Working with GoF's Design Patterns in JavaScript Programming
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by Xianzhong Zhu
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Working with the Observer Pattern

As above, let us first look at the definition of the Observer pattern.

(1) Concept

The Observer pattern defines a relationship between objects so that when one changes its state, all the others are notified accordingly. Generally, you are suggested to consider leveraging the Observer pattern under the following conditions.

·         When an abstract model contains two parts, one depending on the other, you need to seal these twos independently in order to change and reuse them respectively and independently.

·         When you want to change an object then in the meantime you have to change other objects, but do not know how many objects need the related change.

·         When an object has to notify other objects, but it cannot suppose who the other objects are. In other words, you do not hope that these objects are closely coupled.

(2) Example

Underneath, we are going to apply the Observer pattern to a simple yet typical JavaScript event handling mechanism. First, we need to do some preparation, namely expanding the Array object with two methods (i.e. indexOf and removeAt below), as shown in Listing 12.

Listing 12 - Expand the Array object

//expand the properties of the destination object
//, copy all the properties of the source object 
//, to the destination
Object.extend=function(destination,source){
for(property in source){
destination[property]=source[property];
}
return destination;
}
// expand the built-in Array object
Object.extend(Array.prototype,{
//retrieve the object in the array
indexOf: function (object){
for(var i=0,1ength=this.length; i<length; i++)
     if(this[i]==object) return i;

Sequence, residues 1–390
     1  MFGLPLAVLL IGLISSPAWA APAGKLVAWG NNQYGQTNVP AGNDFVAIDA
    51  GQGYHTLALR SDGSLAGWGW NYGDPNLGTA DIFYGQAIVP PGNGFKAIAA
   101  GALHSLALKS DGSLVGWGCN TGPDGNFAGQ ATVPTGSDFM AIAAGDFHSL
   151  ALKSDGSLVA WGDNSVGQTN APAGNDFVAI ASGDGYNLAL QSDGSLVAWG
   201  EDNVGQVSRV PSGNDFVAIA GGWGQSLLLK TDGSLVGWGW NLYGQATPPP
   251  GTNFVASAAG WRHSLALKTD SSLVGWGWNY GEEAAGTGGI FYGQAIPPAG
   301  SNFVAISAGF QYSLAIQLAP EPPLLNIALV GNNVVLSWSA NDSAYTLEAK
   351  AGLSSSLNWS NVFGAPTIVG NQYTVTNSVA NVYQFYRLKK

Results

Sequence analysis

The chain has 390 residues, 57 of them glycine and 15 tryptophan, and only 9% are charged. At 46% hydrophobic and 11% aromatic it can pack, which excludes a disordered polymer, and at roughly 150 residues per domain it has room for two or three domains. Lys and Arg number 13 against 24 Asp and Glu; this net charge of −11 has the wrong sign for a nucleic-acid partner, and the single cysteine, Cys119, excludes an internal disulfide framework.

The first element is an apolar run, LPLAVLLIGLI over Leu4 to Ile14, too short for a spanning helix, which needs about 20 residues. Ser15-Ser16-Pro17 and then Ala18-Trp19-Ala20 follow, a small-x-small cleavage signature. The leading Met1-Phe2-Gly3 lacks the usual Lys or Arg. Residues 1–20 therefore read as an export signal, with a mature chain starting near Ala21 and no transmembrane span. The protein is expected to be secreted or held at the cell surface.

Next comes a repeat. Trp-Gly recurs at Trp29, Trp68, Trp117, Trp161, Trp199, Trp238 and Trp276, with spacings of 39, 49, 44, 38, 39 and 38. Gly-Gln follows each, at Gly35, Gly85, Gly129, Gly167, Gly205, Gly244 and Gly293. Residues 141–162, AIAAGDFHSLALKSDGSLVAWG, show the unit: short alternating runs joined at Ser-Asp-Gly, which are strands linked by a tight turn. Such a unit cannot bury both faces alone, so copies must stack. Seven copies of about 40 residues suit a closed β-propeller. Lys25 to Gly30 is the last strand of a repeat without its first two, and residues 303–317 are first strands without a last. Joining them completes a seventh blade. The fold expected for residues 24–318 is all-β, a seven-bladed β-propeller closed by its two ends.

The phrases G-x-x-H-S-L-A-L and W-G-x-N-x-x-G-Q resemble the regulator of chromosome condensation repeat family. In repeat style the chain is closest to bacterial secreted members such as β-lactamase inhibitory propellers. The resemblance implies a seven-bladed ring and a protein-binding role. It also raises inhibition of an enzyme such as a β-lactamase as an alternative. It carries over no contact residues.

return -1;
},
//remove the specified element in the array
removeAt: function (index){
if(index<0 || index>=this.length) return null;
switch(index){
case 0:
return this.shift();
break;
case this.length -1:
return this.pop();
break;
default:
var head=this.s1ice(0,index);
var tail=this.s1ice(index+1);
var ele=this[index];
this=head.concat(tail);
return ele;
break;
}
}
});

Next, define two classes, i.e. Observer and Subject. The code related to the Observer class is shown below:

//the Observer class
function Observer(){}
object.extend(Observer.prototype, {
//note that the later instantiation Observer
  will override this Update method
Update:function(){
return;
}
});

The code related to the Subject class is as follows.

Listing 13

// the Subject class
function Subject(){}
Object.extend(Subject.prototype,{
//an array of the Observer objects
observers:[],
// notify per Observer object to execute the Update method
notify:function(context){
for(var i=0; i<this.observers.length; i++)
this.observers[i].Update(context);
},
//add a new Observer
addObserver:function(observer)  {
if(!observer.Update)
throw new Error(“addObserver error!”);
this.observers.push(observer);
},
//delete the existing Observer
removeObserver:function(Observer)  {
if(!observer.Update)
throw new Error(“removeObserver error!”);
this.observers.removeAt(this.observers.indexOf(observer));
},
});

OK, for now we have defined all the objects relating to the Observer pattern. The following lists the steps to carry out the Observer pattern: